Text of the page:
Slack is adding a new feature to its mobile app, meant to help you triage all your unread stuff a little faster. It’s called Catch Up, and the only way I can describe it is Tinder for Enterprise Messaging. When you tap on Catch Up at the top of the app’s homescreen, it’ll show you one channel or DM at a time; swipe left to mark it read, right to leave it unread.
Catch Up is a response to two things Akshay Bakshi, a product management director at Slack, says the company sees a lot. First, there’s just a lot going on in Slack, and opening every channel one by one just to check in on it and mark it read in the sidebar is a pin. Second, a lot of people use their phone as a Slack-triage device. “Before they get to their desk in the morning, or when they’re away from their desk, or maybe at lunch — a 30-second session, super fast, just trying to catch up. Then the stuff they want to get back to at their desktop, they leave it for later.” The swipe-y approach, he says, is an effort to make the process feel fun and easy, not like checking your email or scrolling through yet another feed.
Slack is forever trying to figure out how to be more powerful, more feature-rich, and the center of everything you and your company does, without making the app so bloated and complicated it becomes a chore to do. In recent months, Slack has made a number of changes — including a near-complete redesign of the app — in an effort to give you ways to organize and triage all your stuff.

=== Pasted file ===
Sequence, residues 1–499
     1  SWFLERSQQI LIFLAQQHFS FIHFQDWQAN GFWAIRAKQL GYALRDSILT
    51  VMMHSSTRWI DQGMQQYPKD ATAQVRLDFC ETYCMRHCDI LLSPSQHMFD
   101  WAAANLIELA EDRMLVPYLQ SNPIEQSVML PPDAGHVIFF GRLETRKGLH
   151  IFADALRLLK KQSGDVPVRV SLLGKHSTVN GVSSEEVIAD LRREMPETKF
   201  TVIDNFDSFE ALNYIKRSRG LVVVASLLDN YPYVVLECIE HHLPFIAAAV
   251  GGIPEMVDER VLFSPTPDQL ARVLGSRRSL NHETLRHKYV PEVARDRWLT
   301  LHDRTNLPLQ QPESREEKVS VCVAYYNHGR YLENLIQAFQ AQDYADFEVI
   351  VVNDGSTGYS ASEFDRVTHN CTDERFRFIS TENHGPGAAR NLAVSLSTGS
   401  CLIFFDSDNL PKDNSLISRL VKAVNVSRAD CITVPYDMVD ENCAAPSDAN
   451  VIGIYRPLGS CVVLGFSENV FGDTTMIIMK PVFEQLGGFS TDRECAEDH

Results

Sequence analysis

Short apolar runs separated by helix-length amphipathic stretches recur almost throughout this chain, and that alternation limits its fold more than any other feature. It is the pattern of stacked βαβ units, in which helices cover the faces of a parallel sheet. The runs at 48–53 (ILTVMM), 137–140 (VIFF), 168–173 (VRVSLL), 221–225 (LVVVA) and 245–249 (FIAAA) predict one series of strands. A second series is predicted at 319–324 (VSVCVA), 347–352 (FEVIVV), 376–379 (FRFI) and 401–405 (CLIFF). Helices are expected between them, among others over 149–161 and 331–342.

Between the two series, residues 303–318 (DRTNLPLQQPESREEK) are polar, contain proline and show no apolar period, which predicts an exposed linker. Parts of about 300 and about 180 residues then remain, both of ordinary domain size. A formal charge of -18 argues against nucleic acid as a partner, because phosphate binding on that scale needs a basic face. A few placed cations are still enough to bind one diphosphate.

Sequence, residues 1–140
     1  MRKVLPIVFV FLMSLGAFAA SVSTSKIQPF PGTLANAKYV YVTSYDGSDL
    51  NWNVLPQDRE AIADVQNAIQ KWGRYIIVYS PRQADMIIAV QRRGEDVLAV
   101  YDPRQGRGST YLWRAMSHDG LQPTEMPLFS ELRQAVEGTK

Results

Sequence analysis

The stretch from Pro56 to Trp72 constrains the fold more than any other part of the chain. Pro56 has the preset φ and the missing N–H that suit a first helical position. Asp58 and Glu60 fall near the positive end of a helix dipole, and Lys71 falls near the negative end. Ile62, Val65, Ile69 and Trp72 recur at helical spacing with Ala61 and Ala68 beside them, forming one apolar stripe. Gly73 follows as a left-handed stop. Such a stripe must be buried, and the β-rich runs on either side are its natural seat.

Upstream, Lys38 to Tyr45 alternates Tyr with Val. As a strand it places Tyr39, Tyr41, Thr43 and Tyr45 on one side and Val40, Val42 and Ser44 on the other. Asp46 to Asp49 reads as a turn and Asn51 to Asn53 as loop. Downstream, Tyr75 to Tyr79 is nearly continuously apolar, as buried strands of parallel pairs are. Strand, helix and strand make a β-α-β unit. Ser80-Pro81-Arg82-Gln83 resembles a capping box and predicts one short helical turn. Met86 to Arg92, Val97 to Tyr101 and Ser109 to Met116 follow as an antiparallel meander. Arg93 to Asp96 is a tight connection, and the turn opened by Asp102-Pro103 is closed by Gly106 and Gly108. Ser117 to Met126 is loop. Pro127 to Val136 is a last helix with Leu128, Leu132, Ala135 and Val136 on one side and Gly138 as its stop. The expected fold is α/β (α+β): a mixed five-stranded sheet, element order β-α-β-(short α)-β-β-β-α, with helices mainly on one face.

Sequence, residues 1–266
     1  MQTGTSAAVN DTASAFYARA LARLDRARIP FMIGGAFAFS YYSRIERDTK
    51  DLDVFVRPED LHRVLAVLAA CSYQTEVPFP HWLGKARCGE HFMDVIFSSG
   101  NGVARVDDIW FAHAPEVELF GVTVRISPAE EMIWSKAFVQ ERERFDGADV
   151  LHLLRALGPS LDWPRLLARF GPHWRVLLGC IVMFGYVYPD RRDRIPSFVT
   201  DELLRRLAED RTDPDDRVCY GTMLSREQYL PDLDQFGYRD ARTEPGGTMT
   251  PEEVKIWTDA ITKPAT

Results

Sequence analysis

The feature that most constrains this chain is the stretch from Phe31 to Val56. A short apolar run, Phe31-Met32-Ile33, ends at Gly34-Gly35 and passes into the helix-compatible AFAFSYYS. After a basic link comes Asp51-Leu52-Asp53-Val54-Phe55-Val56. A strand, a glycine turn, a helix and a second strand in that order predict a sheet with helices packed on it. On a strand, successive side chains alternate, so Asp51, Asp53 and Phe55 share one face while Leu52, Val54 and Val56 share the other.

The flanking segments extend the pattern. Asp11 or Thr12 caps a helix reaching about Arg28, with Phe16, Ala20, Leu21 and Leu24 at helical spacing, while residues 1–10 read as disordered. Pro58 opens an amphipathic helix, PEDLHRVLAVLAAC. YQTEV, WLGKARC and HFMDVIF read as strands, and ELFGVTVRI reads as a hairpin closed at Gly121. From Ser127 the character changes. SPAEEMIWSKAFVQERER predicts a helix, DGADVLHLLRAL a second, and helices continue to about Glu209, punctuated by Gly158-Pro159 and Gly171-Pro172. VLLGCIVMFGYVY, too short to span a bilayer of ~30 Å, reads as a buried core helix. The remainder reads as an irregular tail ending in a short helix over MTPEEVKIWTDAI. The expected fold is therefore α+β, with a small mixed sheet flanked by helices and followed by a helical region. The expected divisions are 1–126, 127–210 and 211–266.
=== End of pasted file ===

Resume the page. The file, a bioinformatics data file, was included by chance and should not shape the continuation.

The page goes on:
Catch Up actually ignores most of that organization. It’s almost a nod back to the way Slack used to be: a sidebar full of stuff, all of it either read or unread. When you swipe through Catch Up, Slack doesn’t put your right-swipes in the Later section it wants you to use as a to-do list; it just leaves things unread. (You can long-press a card and save it for later, but that’s deliberately hidden.) It’s not the company-blessed Best Way to Use Slack, maybe, but Slack’s design SVP Ethan Eismann says that’s fine. “The nice thing about read / unread is it’s kind of an escape hatch,” he says. “If I’m not ready to make a decision… unread. It’s easy.”
Bakshi says there’s lots left to do with Catch Up, including using AI to help summarize and organize the cards to help you make swiping decisions even faster. Right now, it looks to your own organization of channels and chats to figure out what you care about most, but he says there might be more sophisticated ways to approach the system over time.
Catch Up is launching today for non-paying Slack users on iOS and Android, and Slack says it’ll roll out to paid users soon. It’s coming to the iPad, too, but in a slightly different form. Eismann says he doesn’t imagine a card-swiping tool coming to the Slack desktop app anytime soon, but he thinks there’s plenty of opportunity for more triage and organization on your computer. “That idea of giving you more of a focused mode on desktop is one we’ve played with,” he says. “If I were a betting man, I would say we’ll start to better achieve a more focused experience in Slack over the next year.”